Curatorial Projects > Chico & Chang (2011-2012)

Pablo Cristi
Hipster Pig (detail), 2011
Plaster, denim, fake gold, and wood

Pablo Cristi looks at the contemporary food movement of Nose to Tail, a culinary practice where the entire animal is utilized for dishes. Evident in growing trends in culinary exploration is an echo of the continued hegemony that has influenced Western ideas of “discovery and exploration” since ancient times. Pioneering chefs exploring in this direction commonly borrow ideas, ingredients, and processes from traditional cultural culinary practices and re-contextualize them in a more palatable way for audiences that sometimes perceive this reinvention of traditional practices as more sophisticated. Fetishized animal parts that once were disposable in the U.S., but fairly common in Latino and Asian cultures such as heart, feet, and tripe, are now exoticized and revered for their usage, hence the pig head and chicken claw.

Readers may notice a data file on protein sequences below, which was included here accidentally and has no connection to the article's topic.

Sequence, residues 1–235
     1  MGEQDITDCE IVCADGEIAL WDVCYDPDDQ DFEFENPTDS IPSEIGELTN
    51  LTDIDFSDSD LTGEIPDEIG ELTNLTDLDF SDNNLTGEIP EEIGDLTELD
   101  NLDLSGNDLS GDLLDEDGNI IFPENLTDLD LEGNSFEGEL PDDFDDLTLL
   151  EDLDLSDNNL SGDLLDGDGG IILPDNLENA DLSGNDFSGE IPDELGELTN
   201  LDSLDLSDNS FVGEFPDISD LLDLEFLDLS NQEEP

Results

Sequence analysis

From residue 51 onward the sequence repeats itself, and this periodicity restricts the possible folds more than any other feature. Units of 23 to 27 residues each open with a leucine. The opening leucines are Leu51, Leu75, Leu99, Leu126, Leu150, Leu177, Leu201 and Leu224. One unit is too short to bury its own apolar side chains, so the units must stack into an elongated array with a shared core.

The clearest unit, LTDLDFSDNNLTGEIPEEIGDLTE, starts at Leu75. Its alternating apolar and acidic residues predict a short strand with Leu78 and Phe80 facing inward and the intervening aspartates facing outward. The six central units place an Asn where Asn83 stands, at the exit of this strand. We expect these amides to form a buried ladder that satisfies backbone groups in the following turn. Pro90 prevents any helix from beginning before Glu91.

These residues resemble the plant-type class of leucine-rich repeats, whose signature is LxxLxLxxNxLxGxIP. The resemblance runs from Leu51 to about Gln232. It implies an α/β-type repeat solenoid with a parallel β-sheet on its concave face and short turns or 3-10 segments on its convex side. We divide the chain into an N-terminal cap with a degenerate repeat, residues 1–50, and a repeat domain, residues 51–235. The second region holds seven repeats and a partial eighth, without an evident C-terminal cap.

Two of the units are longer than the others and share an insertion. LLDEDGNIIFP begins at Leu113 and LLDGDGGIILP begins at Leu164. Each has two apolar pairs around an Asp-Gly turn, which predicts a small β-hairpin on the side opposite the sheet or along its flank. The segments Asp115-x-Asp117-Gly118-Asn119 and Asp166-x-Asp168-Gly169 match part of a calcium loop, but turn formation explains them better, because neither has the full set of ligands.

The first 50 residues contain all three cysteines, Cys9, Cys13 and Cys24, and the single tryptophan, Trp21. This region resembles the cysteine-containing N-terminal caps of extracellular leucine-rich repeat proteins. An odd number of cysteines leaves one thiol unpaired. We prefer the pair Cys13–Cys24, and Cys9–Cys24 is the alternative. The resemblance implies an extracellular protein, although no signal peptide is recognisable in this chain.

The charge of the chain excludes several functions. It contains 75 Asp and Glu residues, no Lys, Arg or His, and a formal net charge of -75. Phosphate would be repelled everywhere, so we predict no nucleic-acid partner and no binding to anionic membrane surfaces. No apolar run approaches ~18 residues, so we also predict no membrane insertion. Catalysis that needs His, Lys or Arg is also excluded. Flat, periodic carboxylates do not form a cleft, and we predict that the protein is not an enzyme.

The use of denim and gold reference the long history of exploitation of indigo and gold in Asia and Latin America. It also serves as a thread that recalls California history, specifically that of the Bay Area. Denim has multiple meanings, as it can refer to labor and utilitarian usage, but today can be seen as referencing hipster style and identity correlating with these new food movements.

Chico & Chang

June 11 - August 20, 2011
Intersection for the Arts
San Francisco, CA

Photo credit: Scott Chernis